The search for new dive frontiers – by Rebecca Byfield
Copyright Rebecca Byfield
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Not too long ago, diving was the new frontier – the stuff of legends and dreams. As far back as Alexander The Great (who was rumoured to have spent time at the bottom of the Mediterranean in a very early precursor to the diving bell), humans have been fascinated by the underwater world.
In the 1600s, Denis Papin and Edmund Halley were the Captain Cooks of the deep, exploring the seabed via specially designed diving bells. For two centuries, this remained the only reliable way to breathe below the waves until John and Charles Deane patented the dive helmet in 1823.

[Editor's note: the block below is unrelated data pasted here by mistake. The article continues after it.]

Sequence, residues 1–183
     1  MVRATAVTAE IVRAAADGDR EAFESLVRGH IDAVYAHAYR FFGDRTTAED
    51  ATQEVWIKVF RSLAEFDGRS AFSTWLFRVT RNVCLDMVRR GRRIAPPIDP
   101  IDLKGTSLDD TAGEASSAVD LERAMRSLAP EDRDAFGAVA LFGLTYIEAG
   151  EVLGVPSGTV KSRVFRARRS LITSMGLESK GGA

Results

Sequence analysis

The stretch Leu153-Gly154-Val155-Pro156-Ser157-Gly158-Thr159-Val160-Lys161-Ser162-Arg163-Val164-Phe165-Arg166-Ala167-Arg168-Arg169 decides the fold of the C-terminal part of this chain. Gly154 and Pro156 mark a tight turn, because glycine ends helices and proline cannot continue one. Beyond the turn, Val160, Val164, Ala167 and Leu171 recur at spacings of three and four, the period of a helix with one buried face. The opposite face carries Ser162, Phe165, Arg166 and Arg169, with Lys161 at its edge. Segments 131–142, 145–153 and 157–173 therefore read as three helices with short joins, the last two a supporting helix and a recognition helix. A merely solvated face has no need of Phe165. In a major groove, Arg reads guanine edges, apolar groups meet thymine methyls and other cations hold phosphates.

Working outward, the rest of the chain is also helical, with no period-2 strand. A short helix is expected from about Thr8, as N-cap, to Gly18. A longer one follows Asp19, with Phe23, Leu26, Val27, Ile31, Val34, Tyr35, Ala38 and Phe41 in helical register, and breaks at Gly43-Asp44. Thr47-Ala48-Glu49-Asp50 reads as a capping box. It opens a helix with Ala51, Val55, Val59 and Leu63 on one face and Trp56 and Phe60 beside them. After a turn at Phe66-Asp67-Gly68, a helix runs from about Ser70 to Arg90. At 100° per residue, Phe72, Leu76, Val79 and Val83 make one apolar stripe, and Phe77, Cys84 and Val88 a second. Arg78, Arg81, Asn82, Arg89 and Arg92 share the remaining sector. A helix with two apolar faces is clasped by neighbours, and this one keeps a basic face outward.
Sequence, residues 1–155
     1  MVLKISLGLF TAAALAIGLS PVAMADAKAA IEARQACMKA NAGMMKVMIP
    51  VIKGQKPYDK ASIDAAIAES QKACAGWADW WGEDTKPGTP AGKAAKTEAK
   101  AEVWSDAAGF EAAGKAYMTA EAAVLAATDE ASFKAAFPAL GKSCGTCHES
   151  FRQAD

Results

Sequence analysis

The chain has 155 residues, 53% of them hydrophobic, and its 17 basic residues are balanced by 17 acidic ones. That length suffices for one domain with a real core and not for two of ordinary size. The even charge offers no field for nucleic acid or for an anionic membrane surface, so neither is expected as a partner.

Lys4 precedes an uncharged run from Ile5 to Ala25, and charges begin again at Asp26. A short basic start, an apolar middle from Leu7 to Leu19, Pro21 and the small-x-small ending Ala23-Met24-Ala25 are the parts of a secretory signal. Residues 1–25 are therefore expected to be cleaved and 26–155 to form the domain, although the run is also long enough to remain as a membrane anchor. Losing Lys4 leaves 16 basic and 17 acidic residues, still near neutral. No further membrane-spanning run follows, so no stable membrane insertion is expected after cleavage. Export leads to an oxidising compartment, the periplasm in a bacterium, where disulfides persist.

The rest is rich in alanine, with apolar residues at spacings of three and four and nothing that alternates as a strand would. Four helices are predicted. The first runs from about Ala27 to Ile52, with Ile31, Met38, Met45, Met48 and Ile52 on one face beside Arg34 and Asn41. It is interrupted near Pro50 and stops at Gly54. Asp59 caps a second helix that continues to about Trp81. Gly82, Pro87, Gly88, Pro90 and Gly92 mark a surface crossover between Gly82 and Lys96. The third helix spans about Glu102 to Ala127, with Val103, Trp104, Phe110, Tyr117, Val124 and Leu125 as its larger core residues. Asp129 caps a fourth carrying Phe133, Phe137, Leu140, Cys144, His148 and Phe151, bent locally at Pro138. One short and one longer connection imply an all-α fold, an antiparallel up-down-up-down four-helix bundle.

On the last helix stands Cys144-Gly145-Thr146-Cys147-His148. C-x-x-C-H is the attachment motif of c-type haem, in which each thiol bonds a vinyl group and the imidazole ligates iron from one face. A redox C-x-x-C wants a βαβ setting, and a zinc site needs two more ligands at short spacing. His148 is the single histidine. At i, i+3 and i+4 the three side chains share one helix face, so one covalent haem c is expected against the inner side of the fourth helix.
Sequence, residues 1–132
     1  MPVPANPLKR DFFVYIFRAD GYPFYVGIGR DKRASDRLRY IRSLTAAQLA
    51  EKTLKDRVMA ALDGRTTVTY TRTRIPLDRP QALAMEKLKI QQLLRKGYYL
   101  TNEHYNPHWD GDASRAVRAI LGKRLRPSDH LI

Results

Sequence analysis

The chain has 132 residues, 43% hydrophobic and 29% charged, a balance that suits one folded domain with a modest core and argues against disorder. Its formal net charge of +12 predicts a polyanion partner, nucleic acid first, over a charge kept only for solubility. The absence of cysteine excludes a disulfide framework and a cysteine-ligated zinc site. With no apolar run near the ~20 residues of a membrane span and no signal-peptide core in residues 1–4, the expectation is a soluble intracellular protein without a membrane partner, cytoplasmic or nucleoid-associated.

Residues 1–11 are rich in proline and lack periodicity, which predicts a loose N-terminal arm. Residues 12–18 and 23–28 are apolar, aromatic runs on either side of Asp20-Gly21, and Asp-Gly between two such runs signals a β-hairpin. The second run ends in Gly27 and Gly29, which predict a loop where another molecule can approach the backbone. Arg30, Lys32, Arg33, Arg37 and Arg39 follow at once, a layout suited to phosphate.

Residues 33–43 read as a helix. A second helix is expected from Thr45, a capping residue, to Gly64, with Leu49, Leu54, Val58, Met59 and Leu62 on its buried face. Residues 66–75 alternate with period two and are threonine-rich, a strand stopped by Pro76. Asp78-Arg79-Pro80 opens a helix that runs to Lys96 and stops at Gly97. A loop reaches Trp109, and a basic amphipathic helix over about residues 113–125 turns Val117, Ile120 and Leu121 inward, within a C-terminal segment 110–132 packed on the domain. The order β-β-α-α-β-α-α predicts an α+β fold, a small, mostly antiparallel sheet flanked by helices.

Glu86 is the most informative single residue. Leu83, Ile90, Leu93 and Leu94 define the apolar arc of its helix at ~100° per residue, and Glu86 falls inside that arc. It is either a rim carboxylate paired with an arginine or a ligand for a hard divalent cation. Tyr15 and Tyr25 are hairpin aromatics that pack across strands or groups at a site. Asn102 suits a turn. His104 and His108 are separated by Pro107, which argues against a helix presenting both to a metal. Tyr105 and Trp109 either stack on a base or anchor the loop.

Diving, as we know it today, did not come about until Jacque Cousteau invented the aqualung, which still forms the basis of modern SCUBA equipment.
We owe a lot to these early pioneers. Without their trials and tribulations, we would probably still be living vicariously through the imagination of Jules Verne and Herman Melville. Recreational diving would exist only in the realms of science fiction.
Thanks to their forages into new frontiers, diving is now accessible to the masses.